Some Performers may continue to grow on the job and reach the Master stage. At this point, they can not only accomplish tasks to standards, they can do so efficiently and effectively. Plus, they have a deep enough understanding of what should be done that they can teach and coach others on the task. And they know enough to actually help improve standard processes.
Level 5: Expert
Experts are valuable members of the team and may become front-line team leads. Experts don’t need a lot of direction – they’re highly self-sufficient. If anything, they can provide direction to others. Experts don’t necessarily require a lot of recognition and praise to stay motivated, but that doesn’t mean they don’t want any.
Working style in the interview process
High-performance teams are essential to business success – and properly combining the different work style types is key to creating effective teams. It isn’t surprising then that “What’s your working style ?” is a common interview question. The interviewer wants to figure out not only whether you fit in on the team, but whether you will fit in with overall company culture .
If the current team is made up of many independent workers, the interviewer may be looking for a more collaborative or supportive addition to round out the team’s strengths. If there are one or two big picture thinkers, the team may need more proximity workers who can step in and get things done.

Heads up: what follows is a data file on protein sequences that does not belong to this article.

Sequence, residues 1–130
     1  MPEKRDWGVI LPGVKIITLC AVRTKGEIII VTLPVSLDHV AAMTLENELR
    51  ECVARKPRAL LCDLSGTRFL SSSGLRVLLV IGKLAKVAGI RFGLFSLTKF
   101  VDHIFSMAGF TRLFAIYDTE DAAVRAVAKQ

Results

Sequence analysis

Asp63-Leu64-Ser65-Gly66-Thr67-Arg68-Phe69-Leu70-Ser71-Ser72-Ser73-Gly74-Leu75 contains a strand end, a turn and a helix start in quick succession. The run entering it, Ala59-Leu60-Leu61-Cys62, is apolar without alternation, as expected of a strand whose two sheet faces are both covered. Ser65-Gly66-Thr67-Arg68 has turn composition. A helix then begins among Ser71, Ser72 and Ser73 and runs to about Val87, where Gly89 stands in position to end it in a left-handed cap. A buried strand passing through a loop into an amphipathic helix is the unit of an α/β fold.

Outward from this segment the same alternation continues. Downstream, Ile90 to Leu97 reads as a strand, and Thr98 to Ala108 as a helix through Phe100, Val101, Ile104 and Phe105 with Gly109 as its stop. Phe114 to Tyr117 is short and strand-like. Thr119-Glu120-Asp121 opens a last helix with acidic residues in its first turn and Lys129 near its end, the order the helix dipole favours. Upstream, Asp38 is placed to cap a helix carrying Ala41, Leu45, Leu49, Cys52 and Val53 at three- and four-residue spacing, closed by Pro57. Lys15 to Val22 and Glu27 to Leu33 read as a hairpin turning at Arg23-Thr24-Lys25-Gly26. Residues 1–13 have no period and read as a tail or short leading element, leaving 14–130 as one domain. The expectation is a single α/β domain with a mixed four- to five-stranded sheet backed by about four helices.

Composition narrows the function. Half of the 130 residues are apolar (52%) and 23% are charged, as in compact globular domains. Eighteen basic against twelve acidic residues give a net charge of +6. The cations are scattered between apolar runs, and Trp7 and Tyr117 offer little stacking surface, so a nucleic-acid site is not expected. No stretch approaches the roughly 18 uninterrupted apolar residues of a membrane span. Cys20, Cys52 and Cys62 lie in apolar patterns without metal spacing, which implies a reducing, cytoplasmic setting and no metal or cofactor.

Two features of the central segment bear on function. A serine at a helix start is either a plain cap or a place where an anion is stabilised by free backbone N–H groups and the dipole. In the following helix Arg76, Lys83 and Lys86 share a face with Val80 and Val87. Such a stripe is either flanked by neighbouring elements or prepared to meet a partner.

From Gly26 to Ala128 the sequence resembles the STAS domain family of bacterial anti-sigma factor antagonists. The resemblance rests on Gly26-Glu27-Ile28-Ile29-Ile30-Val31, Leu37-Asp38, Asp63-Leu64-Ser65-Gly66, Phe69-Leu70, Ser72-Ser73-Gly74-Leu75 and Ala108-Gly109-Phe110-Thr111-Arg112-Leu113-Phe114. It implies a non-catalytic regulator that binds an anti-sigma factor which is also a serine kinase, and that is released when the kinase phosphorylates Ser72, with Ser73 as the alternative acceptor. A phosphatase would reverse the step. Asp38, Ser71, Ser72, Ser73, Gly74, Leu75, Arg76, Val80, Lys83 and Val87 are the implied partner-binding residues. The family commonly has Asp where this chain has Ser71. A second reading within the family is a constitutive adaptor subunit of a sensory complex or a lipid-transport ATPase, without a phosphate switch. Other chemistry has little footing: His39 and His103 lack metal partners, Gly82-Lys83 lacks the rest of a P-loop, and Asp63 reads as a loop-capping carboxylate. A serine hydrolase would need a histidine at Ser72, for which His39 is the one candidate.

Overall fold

So how do you answer this question? First, do your research. Get as familiar as you can with the company’s culture and talk to existing or former employees if you can. Read the job listing in detail and look for hints about the working style that will be required. Key words like “conceptual” and “brainstorm” usually indicate big picture roles, while mentions of multitasking may indicate a fit for proximity work styles.
Finally, be honest and always give examples. Let the interviewer know your preferred working style while also showing your ability to be flexible and take on different roles. Focus on the qualities that best fit with your prior research, but be honest about your requirements. You want a job that’s the right fit for you so that you can find success and fulfillment in your career .
Those with different work style types all have a part to play in the grand scheme of a successful business. If you can learn to harness the power of the different types of work styles, you’ll be one step ahead of your competition when it comes to improving efficiency and creating a successful team.
Tony Robbins is an entrepreneur, bestselling author, philanthropist and the nation’s #1 Life and Business Strategist. Author of five internationally bestselling books, including the recent New York Times #1 best-seller UNSHAKEABLE, Mr. Robbins has empowered more than 50 million people from 100 countries through his audio, video and life training programs. He created the #1 personal and professional development program of all time, and more than 4 million people have attended his live seminars.
Step 3: Develop Learning Objectives
Before you begin creating any training, it’s critical that you create a list of learning objectives.